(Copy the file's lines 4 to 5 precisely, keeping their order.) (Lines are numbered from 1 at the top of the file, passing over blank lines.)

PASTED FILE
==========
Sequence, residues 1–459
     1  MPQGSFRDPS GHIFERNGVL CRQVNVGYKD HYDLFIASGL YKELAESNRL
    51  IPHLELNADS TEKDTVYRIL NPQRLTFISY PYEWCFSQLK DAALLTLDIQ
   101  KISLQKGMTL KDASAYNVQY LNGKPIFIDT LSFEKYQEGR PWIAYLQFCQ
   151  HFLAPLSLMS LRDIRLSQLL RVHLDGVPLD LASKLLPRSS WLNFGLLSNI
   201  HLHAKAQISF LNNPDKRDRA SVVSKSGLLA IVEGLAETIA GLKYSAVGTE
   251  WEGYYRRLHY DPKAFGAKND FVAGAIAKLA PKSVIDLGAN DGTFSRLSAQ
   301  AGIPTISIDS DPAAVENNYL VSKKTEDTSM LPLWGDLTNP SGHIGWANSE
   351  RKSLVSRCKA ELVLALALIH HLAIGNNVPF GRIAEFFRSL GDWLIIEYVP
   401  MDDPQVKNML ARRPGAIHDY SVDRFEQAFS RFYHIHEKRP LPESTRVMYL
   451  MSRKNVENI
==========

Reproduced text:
   101  KISLQKGMTL KDASAYNVQY LNGKPIFIDT LSFEKYQEGR PWIAYLQFCQ
   151  HFLAPLSLMS LRDIRLSQLL RVHLDGVPLD LASKLLPRSS WLNFGLLSNI